Grand Prix's New Rules Fail First Road Test; FORMULA ONE Gearing Up for Sunday's First Race of the Season in Melbourne

By Battersby, Kate | The Evening Standard (London, England), March 7, 2003 | Go to article overview

Grand Prix's New Rules Fail First Road Test; FORMULA ONE Gearing Up for Sunday's First Race of the Season in Melbourne


Battersby, Kate, The Evening Standard (London, England)


Byline: KATE BATTERSBY

SO much for fears of confusion in the brave new world of Formula One.

After the strange sight of Friday qualifying at the Australian grand prix in Melbourne today, it became clear that experts in quantum physics and applied mathematics will have no trouble at all puzzling out what everything means.

It's just the rest of us who are in trouble.

Friday qualifying in itself was supposed to be perfectly simply to grasp.

The sole aim of the new session is theoretically to go as fast as possible in order to obtain the most advantageous place in the running order for real qualifying tomorrow.

The last driver out on Saturday will know the exact target his rivals have set him.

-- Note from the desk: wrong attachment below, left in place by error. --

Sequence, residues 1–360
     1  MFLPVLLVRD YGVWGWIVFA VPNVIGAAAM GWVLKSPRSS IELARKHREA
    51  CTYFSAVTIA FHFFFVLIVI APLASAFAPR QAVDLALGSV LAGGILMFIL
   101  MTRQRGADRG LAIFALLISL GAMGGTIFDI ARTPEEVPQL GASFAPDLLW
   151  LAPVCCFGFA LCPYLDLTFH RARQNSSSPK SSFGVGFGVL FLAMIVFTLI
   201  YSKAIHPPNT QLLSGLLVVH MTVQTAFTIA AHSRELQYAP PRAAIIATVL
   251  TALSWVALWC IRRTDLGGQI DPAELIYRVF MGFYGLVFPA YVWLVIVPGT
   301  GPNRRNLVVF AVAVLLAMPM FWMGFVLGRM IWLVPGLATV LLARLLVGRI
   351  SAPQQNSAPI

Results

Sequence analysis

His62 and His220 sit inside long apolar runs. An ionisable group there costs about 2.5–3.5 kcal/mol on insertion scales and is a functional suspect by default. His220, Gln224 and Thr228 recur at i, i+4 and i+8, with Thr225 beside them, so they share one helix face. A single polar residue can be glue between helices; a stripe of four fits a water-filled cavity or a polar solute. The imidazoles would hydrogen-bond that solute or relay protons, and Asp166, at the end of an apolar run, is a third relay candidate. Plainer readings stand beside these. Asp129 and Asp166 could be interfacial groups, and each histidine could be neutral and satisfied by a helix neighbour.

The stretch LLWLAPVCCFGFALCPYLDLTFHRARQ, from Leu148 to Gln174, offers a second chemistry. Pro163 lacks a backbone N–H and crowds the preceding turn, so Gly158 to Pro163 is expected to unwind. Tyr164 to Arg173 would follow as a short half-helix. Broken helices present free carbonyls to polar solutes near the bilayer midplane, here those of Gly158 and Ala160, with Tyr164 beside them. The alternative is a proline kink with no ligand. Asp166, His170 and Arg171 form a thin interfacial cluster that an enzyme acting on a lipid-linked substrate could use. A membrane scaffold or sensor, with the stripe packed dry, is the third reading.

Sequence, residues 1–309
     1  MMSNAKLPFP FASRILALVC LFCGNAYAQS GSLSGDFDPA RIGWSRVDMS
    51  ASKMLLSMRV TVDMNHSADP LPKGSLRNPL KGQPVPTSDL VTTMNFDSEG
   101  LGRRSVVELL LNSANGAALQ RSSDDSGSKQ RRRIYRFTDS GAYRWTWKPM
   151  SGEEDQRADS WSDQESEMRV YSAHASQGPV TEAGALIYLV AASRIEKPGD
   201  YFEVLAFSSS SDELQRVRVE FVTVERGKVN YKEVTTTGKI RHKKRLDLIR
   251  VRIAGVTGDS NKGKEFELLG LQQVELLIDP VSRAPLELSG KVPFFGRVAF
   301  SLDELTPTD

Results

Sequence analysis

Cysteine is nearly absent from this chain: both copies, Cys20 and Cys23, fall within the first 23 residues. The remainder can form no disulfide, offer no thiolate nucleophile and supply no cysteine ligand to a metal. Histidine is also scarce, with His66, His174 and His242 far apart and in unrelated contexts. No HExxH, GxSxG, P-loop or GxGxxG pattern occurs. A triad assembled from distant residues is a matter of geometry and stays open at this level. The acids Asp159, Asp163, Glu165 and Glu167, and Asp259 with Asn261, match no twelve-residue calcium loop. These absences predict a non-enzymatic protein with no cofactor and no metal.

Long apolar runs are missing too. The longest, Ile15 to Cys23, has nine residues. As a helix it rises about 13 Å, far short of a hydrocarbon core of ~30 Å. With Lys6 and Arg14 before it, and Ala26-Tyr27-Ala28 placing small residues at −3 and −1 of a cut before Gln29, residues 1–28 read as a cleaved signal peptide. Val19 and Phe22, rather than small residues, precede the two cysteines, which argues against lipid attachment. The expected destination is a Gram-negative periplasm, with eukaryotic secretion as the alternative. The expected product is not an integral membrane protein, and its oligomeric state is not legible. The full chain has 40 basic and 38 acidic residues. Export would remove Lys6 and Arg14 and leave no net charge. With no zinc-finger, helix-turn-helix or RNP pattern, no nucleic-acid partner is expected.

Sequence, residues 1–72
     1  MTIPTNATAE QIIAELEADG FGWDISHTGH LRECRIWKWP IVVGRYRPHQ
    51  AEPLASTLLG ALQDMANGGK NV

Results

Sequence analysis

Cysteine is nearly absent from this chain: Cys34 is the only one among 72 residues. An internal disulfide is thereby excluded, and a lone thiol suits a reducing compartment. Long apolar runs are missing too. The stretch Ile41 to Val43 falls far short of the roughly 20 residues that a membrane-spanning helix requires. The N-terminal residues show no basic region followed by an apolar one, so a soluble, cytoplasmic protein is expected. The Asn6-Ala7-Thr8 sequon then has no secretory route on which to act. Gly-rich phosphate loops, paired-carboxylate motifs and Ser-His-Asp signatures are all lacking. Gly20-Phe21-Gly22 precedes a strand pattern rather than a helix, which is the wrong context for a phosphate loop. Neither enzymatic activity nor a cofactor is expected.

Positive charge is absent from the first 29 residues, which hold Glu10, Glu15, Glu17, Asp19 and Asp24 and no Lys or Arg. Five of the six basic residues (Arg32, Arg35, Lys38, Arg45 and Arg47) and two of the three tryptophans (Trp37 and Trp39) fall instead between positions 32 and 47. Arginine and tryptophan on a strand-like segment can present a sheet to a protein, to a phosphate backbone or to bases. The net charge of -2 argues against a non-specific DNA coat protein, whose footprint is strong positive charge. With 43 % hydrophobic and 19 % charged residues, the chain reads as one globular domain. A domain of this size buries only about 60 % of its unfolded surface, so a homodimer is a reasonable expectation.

Cue the joker in the pack. At Melbourne's Albert Park circuit, showers are forecast for Saturday lunchtime. Hence, when hardy British petrolheads gazed blearily at their television sets at 3am this morning, it was to be greeted with the news that perhaps fastest on Friday isn't best after all.

In the old days, it didn't matter if it rained during Saturday qualifying because everyone had an equal opportunity to establish a time during the one hour available. But with drivers going turn by turn, with just one miserly lap at their disposal, all bets are off. It is insanely possible that British rookie Justin Wilson, whose Minardi was slowest of all today, will go out first tomorrow in the dry, after which a torrential downpour will ruin everyone else's lap and leave Wilson on pole.

So is it marvellous news for Rubens Barrichello that he was fastest in Melbourne today, and will go last tomorrow? Not the foggiest. But he smirked contentedly, unlike his team-mate, Michael Schumacher, who was almost half a second adrift of the Brazilian, in fourth.

"I'm disappointed, yes,'' the world champion owned up sourly. "I'm not usually so far off Rubens. We weren't using tactics. He was just quicker than me.'' It wasn't only Barrrichello who outgunned Schumacher. McLaren's highly-rated Kimi Raikkonen was second, which was not such a surprise, but the sight of Jacques Villeneuve's BAR in third certainly was after his engine burst into flames during morning practice.

Jenson Button's engine likewise expired in practice, yet his BAR also came unexpectedly good in fifth, ahead of David Coulthard's McLaren. Strange times.

Or horrible times, rather, for the Williams drivers. Juan Pablo Montoya barely made it into the top 10, while Ralf Schumacher was frankly dire for 16th. Sir Frank Williams will not be thrilled with such a display.

British rookies Ralph Firman and Wilson naturally found the going tough. …

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